A2 Basic US 10 Folder Collection
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This is Samoa.
Samoa is an independent island country in the Pacific lying about 1,700 miles North
of New Zea… wait a minute… this is Samoa.
Samoa is an independent island country in the Pacific lying about 1,700 miles North
of New Zealand and in 2011, it didn't have a December 30th.
But first some boring history.
Between the 15th and early 20th century, a bunch of European countries got really into
claiming and colonizing all the non-Europe parts of the world.
You might have even heard of a few of these former colonies like the United States, Brazil,
and Australia.
Samoa, being so isolated, was colonized relatively late in 1900 when the Germans came along.
This period of German rule was actually fairly productive for the nation during which time
they saw significant economic development.
In 1914, however, this rule came to an end since Germany was having some, um, issues
back home.
New Zealand was at the time an independent country but it was still loosely part of the
British Empire which meant that it was part of the Allies which meant that Germany was
its enemy so, when World War One broke out, they sailed up to Samoa, kindly asked the
Germans to leave, and raised the Union Jack on the small island nation.
That rule continued until 1961 when Samoa became independent, so there's your historical
background, but now for some more background.
Samoa is in a bit of an awkward position geographically—it's almost exactly on the opposite side of the
world from Britain.
Since Britain invented time, all time zones were more or less established relative to
the mean solar time at the Greenwich Observatory in London.
At this observatory is the line marking the prime meridian which lays about 334 feet away
from actual prime meridian—seriously look it up—and the exact opposite of this line,
the antemeridian, falls just a few hundred miles west of Samoa.
This line—the international date line—is supposed to more or less follow that line
but it doesn't sort've like how this line is supposed to more or less be funny but it
isn't.
The international date line is the separation between the timezones that are the furthest
behind greenwich mean time and those furthest ahead of greenwich mean time, but each and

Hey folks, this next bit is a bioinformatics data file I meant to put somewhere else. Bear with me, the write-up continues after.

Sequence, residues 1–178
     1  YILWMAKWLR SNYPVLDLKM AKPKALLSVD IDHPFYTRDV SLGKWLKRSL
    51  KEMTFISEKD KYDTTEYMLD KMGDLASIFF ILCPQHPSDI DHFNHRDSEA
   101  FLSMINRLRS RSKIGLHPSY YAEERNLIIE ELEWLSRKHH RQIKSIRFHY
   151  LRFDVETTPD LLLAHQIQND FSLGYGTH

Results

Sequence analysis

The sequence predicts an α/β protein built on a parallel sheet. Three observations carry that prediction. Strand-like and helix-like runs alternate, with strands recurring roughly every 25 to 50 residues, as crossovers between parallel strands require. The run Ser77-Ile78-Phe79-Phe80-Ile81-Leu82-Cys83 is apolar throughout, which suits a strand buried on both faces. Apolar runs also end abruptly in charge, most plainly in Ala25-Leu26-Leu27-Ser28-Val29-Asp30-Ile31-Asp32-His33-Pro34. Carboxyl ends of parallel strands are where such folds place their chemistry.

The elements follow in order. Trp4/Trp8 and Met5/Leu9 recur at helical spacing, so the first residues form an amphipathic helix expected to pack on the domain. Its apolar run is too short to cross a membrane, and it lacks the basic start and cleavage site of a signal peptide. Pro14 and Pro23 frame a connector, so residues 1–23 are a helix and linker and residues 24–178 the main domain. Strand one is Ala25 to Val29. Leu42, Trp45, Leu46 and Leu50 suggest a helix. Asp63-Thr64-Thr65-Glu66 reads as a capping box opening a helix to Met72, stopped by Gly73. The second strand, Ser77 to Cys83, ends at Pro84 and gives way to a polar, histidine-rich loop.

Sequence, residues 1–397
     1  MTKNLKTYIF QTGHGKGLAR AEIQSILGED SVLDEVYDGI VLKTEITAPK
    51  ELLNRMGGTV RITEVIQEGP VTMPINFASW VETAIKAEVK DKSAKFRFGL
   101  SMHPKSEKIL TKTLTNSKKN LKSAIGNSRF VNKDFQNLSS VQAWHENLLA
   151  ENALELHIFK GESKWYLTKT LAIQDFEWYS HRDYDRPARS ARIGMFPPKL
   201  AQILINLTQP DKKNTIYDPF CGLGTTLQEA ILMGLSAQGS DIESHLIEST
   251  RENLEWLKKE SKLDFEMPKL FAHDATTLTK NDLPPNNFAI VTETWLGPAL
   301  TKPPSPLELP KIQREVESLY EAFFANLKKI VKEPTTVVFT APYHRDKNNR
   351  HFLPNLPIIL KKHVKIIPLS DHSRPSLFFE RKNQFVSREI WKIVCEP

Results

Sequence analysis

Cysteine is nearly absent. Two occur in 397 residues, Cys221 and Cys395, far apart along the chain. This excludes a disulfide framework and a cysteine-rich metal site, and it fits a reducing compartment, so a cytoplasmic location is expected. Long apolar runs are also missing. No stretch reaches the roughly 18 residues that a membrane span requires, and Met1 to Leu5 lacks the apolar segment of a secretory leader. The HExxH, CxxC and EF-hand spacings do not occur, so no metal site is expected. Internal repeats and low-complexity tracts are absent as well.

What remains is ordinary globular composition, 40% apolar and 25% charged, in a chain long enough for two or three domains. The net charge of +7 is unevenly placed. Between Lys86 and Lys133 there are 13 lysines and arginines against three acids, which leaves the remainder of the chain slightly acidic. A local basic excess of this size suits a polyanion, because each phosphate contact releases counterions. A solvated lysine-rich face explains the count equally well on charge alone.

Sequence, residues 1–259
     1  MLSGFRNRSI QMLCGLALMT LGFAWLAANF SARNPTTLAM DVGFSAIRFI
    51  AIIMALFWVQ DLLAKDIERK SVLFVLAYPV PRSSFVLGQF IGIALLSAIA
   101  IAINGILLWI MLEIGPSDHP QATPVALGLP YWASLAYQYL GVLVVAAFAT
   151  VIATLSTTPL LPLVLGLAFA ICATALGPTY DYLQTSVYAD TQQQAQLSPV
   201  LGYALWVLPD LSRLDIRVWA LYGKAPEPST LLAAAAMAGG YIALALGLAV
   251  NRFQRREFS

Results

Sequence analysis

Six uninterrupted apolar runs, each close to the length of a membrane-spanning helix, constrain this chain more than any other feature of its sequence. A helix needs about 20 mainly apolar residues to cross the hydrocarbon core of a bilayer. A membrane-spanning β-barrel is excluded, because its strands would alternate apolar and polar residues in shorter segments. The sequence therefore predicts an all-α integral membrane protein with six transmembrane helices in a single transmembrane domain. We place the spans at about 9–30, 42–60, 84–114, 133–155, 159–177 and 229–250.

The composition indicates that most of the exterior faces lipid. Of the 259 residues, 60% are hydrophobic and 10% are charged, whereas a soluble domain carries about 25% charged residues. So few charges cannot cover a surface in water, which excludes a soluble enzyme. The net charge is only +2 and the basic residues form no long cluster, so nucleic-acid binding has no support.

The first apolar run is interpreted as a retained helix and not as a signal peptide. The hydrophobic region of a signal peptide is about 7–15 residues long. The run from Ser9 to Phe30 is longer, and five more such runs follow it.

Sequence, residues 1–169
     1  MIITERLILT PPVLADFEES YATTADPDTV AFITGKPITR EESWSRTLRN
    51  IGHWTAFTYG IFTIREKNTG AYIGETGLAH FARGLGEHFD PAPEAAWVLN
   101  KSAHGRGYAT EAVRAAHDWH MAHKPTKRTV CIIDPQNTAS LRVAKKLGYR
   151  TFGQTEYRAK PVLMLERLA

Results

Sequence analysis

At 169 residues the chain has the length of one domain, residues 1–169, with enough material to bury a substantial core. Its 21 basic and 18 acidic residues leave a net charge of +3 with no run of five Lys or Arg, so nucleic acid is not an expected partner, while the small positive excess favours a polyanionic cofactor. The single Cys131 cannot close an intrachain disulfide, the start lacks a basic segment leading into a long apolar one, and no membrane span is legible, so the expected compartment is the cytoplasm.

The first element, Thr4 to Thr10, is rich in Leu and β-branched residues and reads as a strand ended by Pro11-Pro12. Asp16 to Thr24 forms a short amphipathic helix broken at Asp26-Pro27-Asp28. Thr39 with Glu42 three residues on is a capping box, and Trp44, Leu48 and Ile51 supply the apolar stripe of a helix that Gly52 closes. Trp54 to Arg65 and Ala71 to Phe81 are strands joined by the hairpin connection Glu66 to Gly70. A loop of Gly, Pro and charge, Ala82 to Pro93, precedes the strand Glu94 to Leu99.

every country can choose what time it is in their territory.
If Iceland decided they wanted the sun to rise at 7pm and set at 7am they could—not
because they control the sun, but because they control the time.
Plenty of countries get into time-zone shenanigans because of political reasons.
China, for example, only has one time zone as a symbol of unification even though it's
as wide as the United States.
For this reason, in June, sunrise will be at 7:30 AM in Kashgar, China while it's
at 3:30 AM in Harbin, China.
North Korea also created an entirely new time zone eight and a half hours ahead of Greenwich
in a move that they basically admitted was only to be unique.
All the countries around the antemeridian, however, each have to make a choice on whether
they want to be ahead of the rest of the world or behind it, and that's a big choice.
For much of recent history since even before the Germans came around Samoa has been at
GMT -11—three hours behind California.
That made it easy to conduct business with the United States which was, at the time,
Samoa's biggest trading partner but it made it hard to conduct business with Australia
and New Zealand since there were only three overlapping business days each week.
On Monday in New Zealand it was Sunday in Samoa while on Friday in Samoa it was Saturday
in New Zealand.
In the past century during New Zealand rule Samoa became culturally and politically closer
to Australia and New Zealand than the US and so the prime minister, Tuilae…the prime
minster decided to make some changes.
There were 23 hours of time change between Samoa and Auckland before 2011 but, just after
11:59 pm on December 29, 2011, the clocks in Samoa advanced to 12 midnight on December
31, 2011 therefore entirely skipping December 30th and putting the country only one hour
ahead of Auckland.
Unfortunately this meant that they missed out on International Bacon Day that year,
but it was all worth it for the sake of getting closer to New Zealand.
If you want to get closer to New Zealand, you'll need a flight, but they can get expensive,
however there are some tricks you can use to find cheaper flights which you can learn
in courses like this very one on skillshare.com.
As you've heard before, Skillshare is an amazing place to learn what you want to learn
because they have over 17,000 classes about anything you want to learn.
They even now have a class taught by the senior motion designer of Kurzgesagt on motion graphics.
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Why Samoa Skipped December 30, 2011

10 Folder Collection
Taka published on February 25, 2020
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